Wilson the robot dog looks east from the seashore of Sandy Hook, New Jersey, where he and traveling companion David Brancaccio started their cross-country trip, which they will attempt with no human interaction for the Marketplace series, "Robots Ate My Job."- David Brancaccio/Marketplace
Journey’s start: Obtaining sand from an Atlantic Beach, Sandy Hook, New Jersey on Saturday, March 24.- Photo: David Brancaccio
GPS says 2938 miles to the Pacific Ocean in San Francisco. Because of the need to stay at hotels with “robot” receptionists, my mileage should be closer to 3100 miles.- Photo: David Brancaccio
Since my journey allows me interactions with no humans, I couldn’t stop: There was a flesh-and-blood human at the ticket counter. My loss. Of many to come.- Photo: David Brancaccio
Be Prepared to See More Than You Expect: At the Miniature Village attraction in Shartlesville, PA. Words to live by.- Photo: David Brancaccio
How to eat on a solo cross-country journey: Use self-checkout at the grocery in each town and BYOM: bring your own microwave.- David Brancaccio/Marketplace
Wet, tired David checked in with robot receptionist at the Hyatt Place in Roanoke, Va.- David Brancaccio/Marketplace
Robots ate my road trip, day 1
My question is this: Is technology now so pervasive that a person can drive coast to coast without ever dealing with a human being? Yes, Jack Kerouac would be very unhappy with me for even trying.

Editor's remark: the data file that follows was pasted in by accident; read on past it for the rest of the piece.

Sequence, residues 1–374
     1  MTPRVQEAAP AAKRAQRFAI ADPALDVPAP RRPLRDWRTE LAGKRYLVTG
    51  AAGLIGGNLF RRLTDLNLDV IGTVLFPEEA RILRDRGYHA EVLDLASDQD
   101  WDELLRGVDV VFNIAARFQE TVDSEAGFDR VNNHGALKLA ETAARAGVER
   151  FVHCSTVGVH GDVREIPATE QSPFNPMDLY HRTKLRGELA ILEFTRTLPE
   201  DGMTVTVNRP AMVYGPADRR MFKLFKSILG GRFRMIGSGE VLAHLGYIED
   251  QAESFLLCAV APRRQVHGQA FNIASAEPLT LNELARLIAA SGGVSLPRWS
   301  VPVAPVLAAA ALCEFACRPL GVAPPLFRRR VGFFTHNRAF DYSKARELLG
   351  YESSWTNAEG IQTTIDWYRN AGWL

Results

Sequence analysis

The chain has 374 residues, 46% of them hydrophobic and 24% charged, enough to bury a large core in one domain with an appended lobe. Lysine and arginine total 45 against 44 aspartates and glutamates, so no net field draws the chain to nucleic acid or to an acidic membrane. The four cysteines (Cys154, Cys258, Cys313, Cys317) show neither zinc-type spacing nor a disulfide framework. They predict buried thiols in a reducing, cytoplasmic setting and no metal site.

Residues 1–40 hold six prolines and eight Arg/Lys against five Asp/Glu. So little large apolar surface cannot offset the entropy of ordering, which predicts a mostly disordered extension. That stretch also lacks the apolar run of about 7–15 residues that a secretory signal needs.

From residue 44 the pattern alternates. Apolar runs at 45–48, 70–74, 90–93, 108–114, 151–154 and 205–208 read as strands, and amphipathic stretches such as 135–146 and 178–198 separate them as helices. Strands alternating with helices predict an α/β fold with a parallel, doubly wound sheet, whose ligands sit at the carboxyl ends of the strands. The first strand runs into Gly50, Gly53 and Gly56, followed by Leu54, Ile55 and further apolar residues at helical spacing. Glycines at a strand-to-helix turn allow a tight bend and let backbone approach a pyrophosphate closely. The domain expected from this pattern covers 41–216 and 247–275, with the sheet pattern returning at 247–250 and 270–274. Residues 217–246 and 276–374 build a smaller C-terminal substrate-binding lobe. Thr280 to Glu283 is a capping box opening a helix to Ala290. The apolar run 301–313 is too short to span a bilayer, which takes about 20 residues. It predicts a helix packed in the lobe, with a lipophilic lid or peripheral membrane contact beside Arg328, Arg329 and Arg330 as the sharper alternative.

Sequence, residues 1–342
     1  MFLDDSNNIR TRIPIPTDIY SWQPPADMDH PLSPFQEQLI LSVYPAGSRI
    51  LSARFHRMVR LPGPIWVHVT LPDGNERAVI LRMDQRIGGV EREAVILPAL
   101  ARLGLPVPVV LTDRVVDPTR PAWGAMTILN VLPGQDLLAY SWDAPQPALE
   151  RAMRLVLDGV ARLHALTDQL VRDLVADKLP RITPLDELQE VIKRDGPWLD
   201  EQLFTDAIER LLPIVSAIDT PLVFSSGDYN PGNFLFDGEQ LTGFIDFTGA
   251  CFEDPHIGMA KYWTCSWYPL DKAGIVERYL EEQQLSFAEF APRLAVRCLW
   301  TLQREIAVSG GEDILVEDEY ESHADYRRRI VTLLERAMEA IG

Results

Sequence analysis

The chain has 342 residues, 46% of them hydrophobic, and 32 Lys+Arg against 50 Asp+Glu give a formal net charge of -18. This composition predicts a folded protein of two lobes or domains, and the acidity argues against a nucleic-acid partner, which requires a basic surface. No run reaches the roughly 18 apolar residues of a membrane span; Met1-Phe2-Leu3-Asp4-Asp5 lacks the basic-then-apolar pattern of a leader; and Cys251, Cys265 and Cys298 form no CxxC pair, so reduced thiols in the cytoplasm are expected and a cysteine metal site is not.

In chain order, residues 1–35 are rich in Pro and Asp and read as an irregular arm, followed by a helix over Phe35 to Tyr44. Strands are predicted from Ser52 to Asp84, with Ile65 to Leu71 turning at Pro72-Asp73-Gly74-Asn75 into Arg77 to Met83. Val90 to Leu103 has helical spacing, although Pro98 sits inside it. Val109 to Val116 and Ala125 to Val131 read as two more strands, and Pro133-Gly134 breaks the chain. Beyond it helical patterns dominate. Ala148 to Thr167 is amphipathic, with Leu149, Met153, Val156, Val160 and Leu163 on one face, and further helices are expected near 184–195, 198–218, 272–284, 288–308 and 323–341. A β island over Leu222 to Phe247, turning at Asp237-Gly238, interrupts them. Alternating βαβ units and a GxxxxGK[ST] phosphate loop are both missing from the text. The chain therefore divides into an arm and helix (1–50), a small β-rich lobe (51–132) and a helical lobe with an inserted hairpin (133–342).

I pulled out of an Atlantic Ocean beach at Sandy Hook, New Jersey, shortly before 2 p.m. on Saturday to begin my cross-country trip without any human interaction. I had filled an empty bottle with Atlantic sand, dodged a few crashing waves and had my first near-brush with a human being: A young boy spotted Wilson, my little robot dog (picture left), on a strip of boardwalk. Before the kid could ask what’s up, I put in my little white earphones, like the worst anti-social Brooklyn hipster on the L train and beat it before the sweet little tyke ruined my concept.
I listened to the audiobook of Isaac Asimov’s “Naked Sun” during the drive. It’s wall-to-wall robots, but for a novel from 1957, it has a lot to say about 1 percent vs. 99 percent economic and social stratification. Asimov’s 99 percent lives underground on Earth. The fancy people are Earthlings, but they live on their own planets.
The drive got especially exciting passing through West Virginia on I-81 with a thunderstorm that looked like something we might some day see on Jupiter. After eight and a half hours on the road, damp, late, hungry, the car’s GPS navigation got lost, big time. Put me on two unnecessary six mile loops instead of leading me to the hotel. Being a belt-and-suspenders man, I had three more GPS units. Two of them also failed to find the hotel, but the winner was the GPS in the iPad.
I did 462 miles today, starting from the Atlantic. Made it to Roanoke, Virginia. The hotel has a robot desk clerk in the form of an airport-style electronic kiosk. Swiped myself in and it spit out my receipt and a keycard for a room on the 6th floor. Less surprising but very welcome was the robot ice machine. OK, it was just an ice machine, but it was in the right place at the right time. Tomorrow, Nashville.